We defined Pin A0 by using the mraa.Aio object as well as defining our lead as PWM with the help of mraa.Pwm (3).
In the setup function we called the "enable" option which allows the use of this pin in pwm mode.
In the loop function we first call the same value as the potentiometer from A0.
Unlike Arduino, the values ​​to write to the pwm port are between 0 and 1 and not between 0 and 255, for this reason we divide the value obtained by the maximum value that can be read from the entry.
The resulting value we write back to Led and output it to the screen for convenience.
Between each run of the function can be easy dilay of 10 milliseconds.
Now run the program and play with the potentiometer, the intensity of the LED should vary depending on the game.

Let's take the program one step further and write the illumination power on the LCD monitor provided with the kit.
The display is connected to one of the I2C connections on the expansion board.
The I2C connection represents the Protocol I2C Which Philips developed. It allows you to connect multiple devices (up to 127) on a shared bass when each device has its own unique address. This allows you to connect a large number of devices using only two pins, one for a common clock, and the other to transfer the information to the desired device.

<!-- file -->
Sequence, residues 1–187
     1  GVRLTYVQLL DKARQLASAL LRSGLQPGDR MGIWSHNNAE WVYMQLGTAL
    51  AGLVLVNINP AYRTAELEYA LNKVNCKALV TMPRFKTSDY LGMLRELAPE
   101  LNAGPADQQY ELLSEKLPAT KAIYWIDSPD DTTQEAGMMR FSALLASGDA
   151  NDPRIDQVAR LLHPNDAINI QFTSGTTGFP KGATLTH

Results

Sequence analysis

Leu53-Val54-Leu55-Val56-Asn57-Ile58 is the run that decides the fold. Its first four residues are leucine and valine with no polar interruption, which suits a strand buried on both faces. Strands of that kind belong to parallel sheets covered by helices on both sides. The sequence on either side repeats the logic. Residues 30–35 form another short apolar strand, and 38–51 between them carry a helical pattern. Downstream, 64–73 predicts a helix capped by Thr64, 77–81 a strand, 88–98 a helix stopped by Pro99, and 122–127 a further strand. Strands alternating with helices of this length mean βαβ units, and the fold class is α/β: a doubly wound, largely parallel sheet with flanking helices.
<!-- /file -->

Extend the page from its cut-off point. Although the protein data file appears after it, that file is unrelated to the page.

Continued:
Let's look at the following program:

var mraa = require ('mraa'); var LCD = require ('jsupm_i2clcd'); console.log ("LCD"); function delay (ms) {var now = new Date (). getTime (); while (new Date (). getTime () <now + ms); } var myLCD = new LCD.Jhd1313m1 (0); var analogPin0 = new mraa.Aio (0); var LED = new mraa.Pwm (3); var lcdMessage = ""; function setup () {LED.enable (true); myLCD.setColor (255, 128, 0); } function loop () {var analogValue = (); var value = analogValue / 1023.0; LED.write (value); var lastLcdMessage = lcdMessage; lcdMessage = "Brightness:" + (value.toFixed (2) * 100) + "%"; if (lcdMessage! = lastLcdMessage) {myLCD.clear (); } myLCD.setCursor (0,0); myLCD.write (lcdMessage); delay (100); } setup (); while (1) {loop (); }

The second line of the program seems to be using a new library called jsupm_i2clcd.
This library will manage all the communications in front of the LCD screen and spread it to a number of simple functions and easy to use.
This library is a small part of the UPM repository that manages the interface with external sensors and components. Unlike the mraa that deals with the board itself UPM reaches a level above and allows for simple conduction against other components.
You can see the repository code and a wide variety of examples on the project's github page:

Below we create the myLCD object by calling the LCD function.Jhd1313m1.
Jhd1313m1 This is the specific model of the board that we have and which can be seen on the back of the monitor as shown in the picture.


In the setup function we added a call to the setColor of the monitor. This function changes the display backlight according to the values Provided to her. Any value could be between 0 and 255. For example, 0, 0, 255 will produce only blue light because the values ​​of R, G are 0 and B at its highest intensity, 255.
In the loop function we will add an lcdMessage variable that will contain the text that we want to display on the display.